A new study has found that chronic disruption of one of the most basic circadian (daily) rhythms -- the day/night cycle -- leads to weight gain, impulsivity, slower thinking, and other physiological and behavioral changes.
Chronodisruption, or an imbalance of this circadian rhythm is becoming more and more prominent with increased exposure to artificial light at night. Here we are looking at time spent watching television, on an IPAD or your phone.
This chronodisruption often leads to sleep disruption, which in turn leads to people looking to supplement for sleep aid. For many people, the go-to is to increase their melatonin and the easiest way to do this is through a melatonin supplement. The problem here is that the more melatonin you supplement with, the less melatonin your body produces on its own, thus continuing the cycle.
We need melatonin (produced by our body) to help detoxify, rebuild and rejuvenate.
Here are some ways to natural boost your melatonin production and limit the side effects of chronodisruption:
1) No artificial light at night. Try and avoid artificial light 2-3 hours before bed. Blue light (from your phone, computer, and tv) has been shown to block your melatonin production both while you sleep and first thing in the morning when you need it to help wake up.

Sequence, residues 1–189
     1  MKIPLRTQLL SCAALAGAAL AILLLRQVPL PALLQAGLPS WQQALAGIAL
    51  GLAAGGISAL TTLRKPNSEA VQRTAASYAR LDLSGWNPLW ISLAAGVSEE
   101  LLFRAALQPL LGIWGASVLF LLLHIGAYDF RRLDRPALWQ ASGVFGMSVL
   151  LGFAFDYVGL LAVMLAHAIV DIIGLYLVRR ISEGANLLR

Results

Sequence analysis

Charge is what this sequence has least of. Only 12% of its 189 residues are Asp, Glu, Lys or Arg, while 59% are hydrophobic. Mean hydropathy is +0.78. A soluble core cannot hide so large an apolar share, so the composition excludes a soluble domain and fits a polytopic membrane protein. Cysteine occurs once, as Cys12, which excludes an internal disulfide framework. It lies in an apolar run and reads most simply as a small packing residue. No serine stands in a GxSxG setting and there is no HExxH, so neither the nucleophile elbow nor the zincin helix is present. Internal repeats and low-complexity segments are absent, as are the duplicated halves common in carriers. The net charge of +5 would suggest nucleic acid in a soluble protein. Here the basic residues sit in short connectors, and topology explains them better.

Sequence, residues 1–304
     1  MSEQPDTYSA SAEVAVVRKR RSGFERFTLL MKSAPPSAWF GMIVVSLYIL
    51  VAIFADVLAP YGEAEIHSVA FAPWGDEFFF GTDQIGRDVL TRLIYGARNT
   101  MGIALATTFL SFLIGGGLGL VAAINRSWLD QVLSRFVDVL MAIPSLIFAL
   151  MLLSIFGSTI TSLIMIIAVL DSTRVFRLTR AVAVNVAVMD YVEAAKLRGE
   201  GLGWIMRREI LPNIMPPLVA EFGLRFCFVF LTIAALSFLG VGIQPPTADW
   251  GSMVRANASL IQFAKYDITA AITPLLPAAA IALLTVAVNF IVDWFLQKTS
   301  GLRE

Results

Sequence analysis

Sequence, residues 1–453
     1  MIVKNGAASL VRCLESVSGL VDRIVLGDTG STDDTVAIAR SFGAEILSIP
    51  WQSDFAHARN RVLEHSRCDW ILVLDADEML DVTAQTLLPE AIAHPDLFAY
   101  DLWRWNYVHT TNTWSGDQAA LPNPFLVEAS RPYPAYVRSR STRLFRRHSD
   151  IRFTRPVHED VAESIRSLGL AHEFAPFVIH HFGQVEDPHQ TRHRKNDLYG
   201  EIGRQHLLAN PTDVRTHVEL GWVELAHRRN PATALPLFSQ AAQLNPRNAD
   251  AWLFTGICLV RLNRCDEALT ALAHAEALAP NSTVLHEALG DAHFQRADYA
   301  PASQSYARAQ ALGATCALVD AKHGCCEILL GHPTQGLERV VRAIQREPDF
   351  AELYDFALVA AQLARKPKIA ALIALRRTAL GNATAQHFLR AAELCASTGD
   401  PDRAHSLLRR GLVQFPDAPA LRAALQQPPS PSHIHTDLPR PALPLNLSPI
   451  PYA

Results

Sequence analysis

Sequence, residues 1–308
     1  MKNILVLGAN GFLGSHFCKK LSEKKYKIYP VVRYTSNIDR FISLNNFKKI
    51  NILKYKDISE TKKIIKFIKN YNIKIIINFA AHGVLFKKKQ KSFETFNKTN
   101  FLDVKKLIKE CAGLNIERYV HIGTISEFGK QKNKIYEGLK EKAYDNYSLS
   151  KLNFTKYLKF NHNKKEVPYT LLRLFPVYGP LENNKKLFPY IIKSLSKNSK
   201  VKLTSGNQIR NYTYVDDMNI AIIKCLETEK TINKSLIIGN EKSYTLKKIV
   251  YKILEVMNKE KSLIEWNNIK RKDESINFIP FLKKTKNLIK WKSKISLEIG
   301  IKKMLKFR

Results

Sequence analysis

2) Get some sunlight. In order for your body to maintain it's circadian rhythm your body needs some natural light. In order to maintain melatonin levels at night your body needs to completely shutdown melatonin during the day. This can only be accomplished if you are exposed to natural light during the day.
3) Eat melatonin rich foods. Most plants have higher levels of melatonin because they need it for their own cycles. Some foods that have higher levels of melatonin include; goji berries, tart cherries, walnuts, almonds, pineapple, tomatoes, banana, and oranges.
4) Take a hot shower or bath before bed. It has been shown that getting in some hot water before bed will lower cortisol levels, resulting in higher melatonin levels.
5) Regulate your caffeine intake. Caffeine is a stimulant linked to lower melatonin levels. Avoiding caffeine after 2pm is beneficial to maintain proper melatonin levels.
6) Mediate before bed. Finding time for some mindfulness before bed will help lower cortisol levels and get your body ready for sleep.
7) Eat tryptophan rich foods. Tryptophan is an essential amino acid that is a precursor to melatonin production. Foods like spirulina, cottage cheese, garbanzo beans, liver, pumpkin seeds, turkey, chicken, tofu, almonds, peanuts and yogurt.
Take a look at your sleep patterns, and start implementing these things to naturally boost those melatonin levels, especially if you are popping supplements to sleep daily.